Al Gore agrees with me (or do I agree with him? same thing?) that:

large and rapid investments in a jobs-intensive infrastructure initiative is the best way to revive our economy in a quick and sustainable way. Many also agree that our economy will fall behind if we continue spending hundreds of billions of dollars on foreign oil every year. Moreover, national security experts in both parties agree that we face a dangerous strategic vulnerability if the world suddenly loses access to Middle Eastern oil.

It’s time for a new way. Obama ran on a change platform, let’s see if he’s able to lead America into the 21st century, as Bush and his policies have been stuck in the 20th.

5 Replies to “Al Gore agrees”

  1. I thought this is interesting.

    This article is about how the US has had three “republics”, essentially three periods of time that a single dogma and set of issues dominated US politics and social trends. Each was more or less ~70 years. Salon argues that we just entered into the fourth republic and the characteristics that dominates the first 36 years of each republic is “nation-building” ie massive investments in our infrastructure and a long-term view of betterment of the country.

    I just wanted to throw that out there.

  2. It’s dificult to come up with labor intensive – massive projects that result in immediate benefit to our society – so here’s a few I think might fit the bill.
    1. Re-Forestation of our state, starting with the building of greenhouses to generate the billions of trees needed to make this possible. Scrubbing the atmosphere of SO2 into Oxygen is the benefit.
    2. Cleaning the debris and nets from the floor of the Puget Sound with armies of volunteer “bounty hunters” who are rewarded for their ecological ‘catch of the day’ at your favorite local wharfside collection center. Make the reward high enough to generate lots of interest(who cares if anyone cheats, a net is a net, and dredged up washing machines without crustations are disqualified!)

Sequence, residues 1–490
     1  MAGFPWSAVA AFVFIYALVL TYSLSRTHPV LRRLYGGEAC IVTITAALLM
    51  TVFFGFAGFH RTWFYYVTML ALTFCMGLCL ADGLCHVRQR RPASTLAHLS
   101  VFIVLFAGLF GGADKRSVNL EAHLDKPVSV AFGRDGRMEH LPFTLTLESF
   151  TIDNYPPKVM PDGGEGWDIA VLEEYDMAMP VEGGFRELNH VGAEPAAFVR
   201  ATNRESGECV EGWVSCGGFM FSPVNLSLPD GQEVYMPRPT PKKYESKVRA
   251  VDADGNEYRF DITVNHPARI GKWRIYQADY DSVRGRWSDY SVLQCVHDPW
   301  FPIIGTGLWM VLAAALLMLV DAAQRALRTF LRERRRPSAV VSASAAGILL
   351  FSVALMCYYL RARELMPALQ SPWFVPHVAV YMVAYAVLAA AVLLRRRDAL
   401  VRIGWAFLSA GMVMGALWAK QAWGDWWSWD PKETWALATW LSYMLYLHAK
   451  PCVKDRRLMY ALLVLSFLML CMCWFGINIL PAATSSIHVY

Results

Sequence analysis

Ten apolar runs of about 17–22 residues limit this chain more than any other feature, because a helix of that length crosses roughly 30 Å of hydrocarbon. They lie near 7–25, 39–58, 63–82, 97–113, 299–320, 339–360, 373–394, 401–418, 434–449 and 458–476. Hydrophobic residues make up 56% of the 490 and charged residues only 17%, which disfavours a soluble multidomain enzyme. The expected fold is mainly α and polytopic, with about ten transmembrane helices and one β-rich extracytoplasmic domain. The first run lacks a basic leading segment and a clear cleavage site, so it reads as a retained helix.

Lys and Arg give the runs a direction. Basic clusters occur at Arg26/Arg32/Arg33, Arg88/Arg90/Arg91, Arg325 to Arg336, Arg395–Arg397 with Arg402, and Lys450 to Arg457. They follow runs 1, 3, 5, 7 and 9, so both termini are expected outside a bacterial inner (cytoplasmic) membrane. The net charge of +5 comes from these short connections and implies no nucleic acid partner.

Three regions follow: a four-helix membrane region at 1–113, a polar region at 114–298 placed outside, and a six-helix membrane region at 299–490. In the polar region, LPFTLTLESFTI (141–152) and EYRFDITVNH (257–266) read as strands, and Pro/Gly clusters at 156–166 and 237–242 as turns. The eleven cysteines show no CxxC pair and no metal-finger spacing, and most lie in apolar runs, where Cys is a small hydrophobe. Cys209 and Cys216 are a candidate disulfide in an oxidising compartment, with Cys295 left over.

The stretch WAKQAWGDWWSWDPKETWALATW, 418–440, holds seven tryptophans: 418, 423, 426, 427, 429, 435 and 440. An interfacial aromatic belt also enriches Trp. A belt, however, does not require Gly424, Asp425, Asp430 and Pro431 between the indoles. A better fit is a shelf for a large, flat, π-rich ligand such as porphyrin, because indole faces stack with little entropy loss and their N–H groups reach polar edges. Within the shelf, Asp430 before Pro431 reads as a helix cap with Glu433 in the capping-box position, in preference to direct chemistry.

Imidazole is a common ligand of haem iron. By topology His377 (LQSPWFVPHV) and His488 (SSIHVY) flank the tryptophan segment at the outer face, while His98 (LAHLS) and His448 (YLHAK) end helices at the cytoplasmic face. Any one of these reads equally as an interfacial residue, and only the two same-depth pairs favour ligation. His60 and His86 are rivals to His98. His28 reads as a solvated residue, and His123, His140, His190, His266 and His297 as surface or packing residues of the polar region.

3. Work parties to clean-up streams and wetlands of old dumps that pollute and poison our fish habitat.
    4. WSDOT supervised day parties to restore roadside areas deemed to complicated to be addressed by litter crews, or micro projects requiring a backhoe to restore or reroute a culvert that enables fish migration further upstream.
    5. Buffering ditches to slow runoff. This retains water for recharge of local aquifers, along with preventing swollen rivers and flood damage during large rain events.


      1. I dunno. Is it obvious that trawling the bottom of the Sound – even if you are removing debris – is good for the environment?

        It could be more disruptive than the debris.

        This sort of idea always reminds me of the national forest service using plans to put out forest fires. Which sounded like a good idea until we all realized that the small, chronics forest fires kept the forest from ever getting a huge fire that noone could put out. And that’s where we are now.

        The road to hell is paved with good intentions.

  3. #2 is kind of already done. I know people that grab camping gear once a year and make a beach trek around a portion of the Olympic peninsula picking up garbage. They leave bags at collection points, where others pick them up for disposal.

    Not that they couldn’t use help.

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